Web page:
Additionally, it also has lots of great scenes: one of them being Quaid smashing through the glass-metal detector thing is a highlight, Quaid disguised as a woman, as is the girl fight between Sharon Stone and Rachel Ticotin - and it doesn't involve pulling each other's hair and the manner this is all unfolded is worth seeing, and the violence- though not as over-the-top as the former, Robocop, Total Recall is still as bloody but arguably with more established names, headlined by Arnold Schwarzenegger and Sharon Stone in the cast. In fact, the performances by the main cast are just wonderful throughout. They really embodied and captured their characters' personalities, both good and bad. Sharon Stone's breakthrough role as Doug's turncoat wife, Lori is great, as is Ronny Cox, who has never given a really bad performance as the antagonist, Cohaagen (he was also great in Robocop). 

With Arnie, he has appeared in memorable efforts in Predator, The Terminator to name in the 1980s, but in Total Recall, he really comes to life and thanks to the script and being surrounded by a competent cast, he plays to his strengths and gives him the ample opportunity to 'act' & deliver some classic one-liners, - besides being able to fire a gun - thus, giving his character considerable depth & presence. But it is Rachel Ticotin as Doug's sidekick and dream girl in Doug's past dreams, Melina, who besides Arnie, she also gives a terrific performance - and she is heroic and a good gal, unlike Lori. As a teenager, I never really cared much for Melina whilst I was watching this movie, but when I re-watched it several times as an adult, I appreciate what a great female protagonist ally she is to Quaid, and how integral she is to the story. And unlike some female sidekicks, she isn't one of those pretty-looking types with nothing to offer. She really is one of a kind. 

Then you have another assortment of secondary characters: a dwarf -looking girl, a one-eyed alien named Tony and guy who has an alien that pops out of his stomach (!), all of whom play a substantial role in the movie, as Arnold as Doug and Sharon Stone as Lori.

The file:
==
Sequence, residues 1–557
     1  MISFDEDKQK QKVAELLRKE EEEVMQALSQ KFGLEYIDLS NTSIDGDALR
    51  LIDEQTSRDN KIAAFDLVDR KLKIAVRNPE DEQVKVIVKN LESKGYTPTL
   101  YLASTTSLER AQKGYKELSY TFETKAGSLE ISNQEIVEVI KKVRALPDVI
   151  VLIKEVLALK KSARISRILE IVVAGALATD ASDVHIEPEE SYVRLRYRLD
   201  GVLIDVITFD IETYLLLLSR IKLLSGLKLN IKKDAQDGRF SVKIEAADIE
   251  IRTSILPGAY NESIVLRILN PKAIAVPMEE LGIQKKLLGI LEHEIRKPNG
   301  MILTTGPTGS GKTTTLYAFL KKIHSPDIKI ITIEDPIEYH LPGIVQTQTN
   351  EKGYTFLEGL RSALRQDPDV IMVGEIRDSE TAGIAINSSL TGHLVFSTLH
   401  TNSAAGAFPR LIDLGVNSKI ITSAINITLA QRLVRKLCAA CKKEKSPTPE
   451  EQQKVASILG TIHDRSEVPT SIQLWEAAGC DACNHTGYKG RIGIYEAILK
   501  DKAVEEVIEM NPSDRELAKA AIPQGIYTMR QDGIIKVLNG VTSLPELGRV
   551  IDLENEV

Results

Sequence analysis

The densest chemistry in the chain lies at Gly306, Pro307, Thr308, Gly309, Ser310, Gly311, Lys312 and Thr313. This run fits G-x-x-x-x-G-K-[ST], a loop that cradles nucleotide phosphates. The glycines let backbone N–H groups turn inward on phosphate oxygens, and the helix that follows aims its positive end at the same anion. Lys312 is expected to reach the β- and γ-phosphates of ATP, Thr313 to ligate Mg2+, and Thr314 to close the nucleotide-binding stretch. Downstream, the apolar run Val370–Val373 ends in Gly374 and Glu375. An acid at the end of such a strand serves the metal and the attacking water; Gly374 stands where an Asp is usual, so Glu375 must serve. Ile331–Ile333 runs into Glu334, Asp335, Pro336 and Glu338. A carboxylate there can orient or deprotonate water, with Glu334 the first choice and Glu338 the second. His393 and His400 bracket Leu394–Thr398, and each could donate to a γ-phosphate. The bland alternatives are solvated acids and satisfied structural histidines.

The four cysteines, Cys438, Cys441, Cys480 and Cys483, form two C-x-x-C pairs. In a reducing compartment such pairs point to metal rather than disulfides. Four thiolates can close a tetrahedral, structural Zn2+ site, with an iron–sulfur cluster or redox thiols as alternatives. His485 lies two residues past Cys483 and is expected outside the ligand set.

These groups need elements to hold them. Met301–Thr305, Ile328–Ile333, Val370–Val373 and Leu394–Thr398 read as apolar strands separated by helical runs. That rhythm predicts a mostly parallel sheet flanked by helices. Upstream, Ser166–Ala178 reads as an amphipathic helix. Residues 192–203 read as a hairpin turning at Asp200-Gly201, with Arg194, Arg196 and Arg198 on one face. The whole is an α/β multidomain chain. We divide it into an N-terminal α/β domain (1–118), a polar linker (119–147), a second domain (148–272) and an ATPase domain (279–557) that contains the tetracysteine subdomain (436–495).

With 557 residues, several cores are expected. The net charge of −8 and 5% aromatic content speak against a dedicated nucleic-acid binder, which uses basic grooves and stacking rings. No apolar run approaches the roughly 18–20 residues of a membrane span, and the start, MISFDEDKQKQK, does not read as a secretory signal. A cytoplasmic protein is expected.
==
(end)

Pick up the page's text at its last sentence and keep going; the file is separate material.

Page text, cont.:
You have amusing quips such as Melina going to Doug, right after the scene where he shoots Lori in the forehand: That was your wife?, Douglas nods his head in agreement and she goes, 'what a b****!'. That was amusing. 

In contrast, to say, Predator, Terminator movies, Commando and Raw Deal, besides all the gun-play, this isn't your standard Arnold Schwarzenegger affair, but more of a Verhoeven Sci-fi showing. Robocop was Verhoeven's introduction to the Western film front, whereas Total Recall helped solidified his reputation as a no-holds-barred European filmmaker in US movies, who despite his at times outlandish & over-the-top approach, engages in adult themes and concepts, fearlessly and with some artistic merit- for a brief while, up until Showgirls, anyway. & for Arnie, this is a uniquely satisfying offering that whilst he revels at doing what he usually does best in by beating people up, in addition, he shows layers in his performance as Douglas Quaid that makes that character believable, as he is convincing to the audience.

Total Recall is a terrific and delightful follow-up to Robocop by Paul Verhoeven - & a violently fun one to behold that through its twists and high entertainment factor remains as good as it is today as it was, during the '90s. 

Final Verdict:

Paul Verhoeven has crafted a high- octane and entertaining slice of adult sci-fi action with the usual profanity, special effects and gory action scenes, but even more to it, a story interlaced with pure substance and something to tell to the audience. Even over 20 years old, Total Recall still manages to be a fresh, alternate take on life on Mars and through the performances, ranging from Arnold Schwarzenegger, Sharon Stone to Ronny Cox, Michael Ironside and Rachel Ticotin, along with Robocop, it really is another sublime Verhoeven effort to marvel at. 

Though Verhoeven takes liberties with the original book and changes things up, such as making Quaid's wife a villain, which never happened in the book, this is still a fantastic standalone, futuristic-based movie that still revels in his kinetic and aggressive line of approach that he unduly takes in his depictions of violence. 

Encompassing a pulsating and equally gruesome climax towards the end, which is not for the faint-hearted (me included), forget the soulless remake.

1990's Total Recall is still to this day, as great as I remembered it when I first saw it in the mid/the late 1990s. 

*score last updated: January 12, 2017*